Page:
Ada, or Ardor: A Family Chronicle (1969), the longest of Nabokov's novels, is a witty and parodic account of a man's lifelong love for his sister. All of his favorite themes and most characteristic techniques are woven into this culminating work of Nabokov's imagination.
Transparent Things (1972) is a haunting novella of the anguished life of Hugh Person, a young American editor and proofreader: his marriage, the murder of his wife, and his lone journey to uncover the truth about the past. With its multiple narrative voices and fusion of dream and memory, it is among the most formally experimental of Nabokov's works.
Look at the Harlequins! (1974), Nabokov's final novel, concerns Vadim Vadimovitch N., a novelist very much like Nabokov himself. This ironic, intricate hall of mirrors, startling in its shifts of tone and off-key echoes of Nabokov's earlier books, often blurs the line between the worlds of reality and of literary invention.
The texts of this volume incorporate Nabokov's penciled corrections in his own copies of his works and correct long-standing errors. They are the most authoritative versions available and have been prepared with the assistance of Dmitri Nabokov, the novelist's son, and Brian Boyd, Nabokov's distinguished biographer, who has also contributed notes and detailed chronology of the author's life based on new research.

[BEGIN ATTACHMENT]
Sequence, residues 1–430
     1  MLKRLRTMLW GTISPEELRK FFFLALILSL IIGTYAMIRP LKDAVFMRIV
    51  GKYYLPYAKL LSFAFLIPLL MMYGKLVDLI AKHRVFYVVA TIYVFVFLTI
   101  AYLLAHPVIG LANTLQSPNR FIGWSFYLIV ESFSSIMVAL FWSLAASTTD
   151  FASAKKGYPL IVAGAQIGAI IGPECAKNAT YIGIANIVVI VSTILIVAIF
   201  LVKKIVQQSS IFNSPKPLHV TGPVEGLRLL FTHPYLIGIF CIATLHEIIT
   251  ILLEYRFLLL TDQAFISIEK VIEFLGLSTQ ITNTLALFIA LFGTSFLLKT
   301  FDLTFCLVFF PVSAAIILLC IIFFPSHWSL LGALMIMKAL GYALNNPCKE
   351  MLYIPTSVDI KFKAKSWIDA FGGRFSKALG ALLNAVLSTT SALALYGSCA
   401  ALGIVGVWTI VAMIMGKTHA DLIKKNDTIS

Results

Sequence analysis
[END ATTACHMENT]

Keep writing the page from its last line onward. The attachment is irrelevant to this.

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Review: Novels, 1969-1974: Ada / Transparent Things / Look at the Harlequins!User Review - Goodreads
Ahhh! Much too much - I am overwhelmed. I liked the notes in two sections - possibly by different annotators? The setting of Ada is a college in New York. The others I haven't reached. I read through ... Read full review
Review: Novels, 1955-1962: Lolita / Pnin / Pale Fire / The Lolita ScreenplayUser Review - Goodreads
I was the shadow of the waxwing slain By the false azure in the windowpane; I was the smudge of ashen fluff - and I Lived on, flew on, in the reflected sky. The finest master of the art of the English language at the height of his magic powers. Enough said. Read full review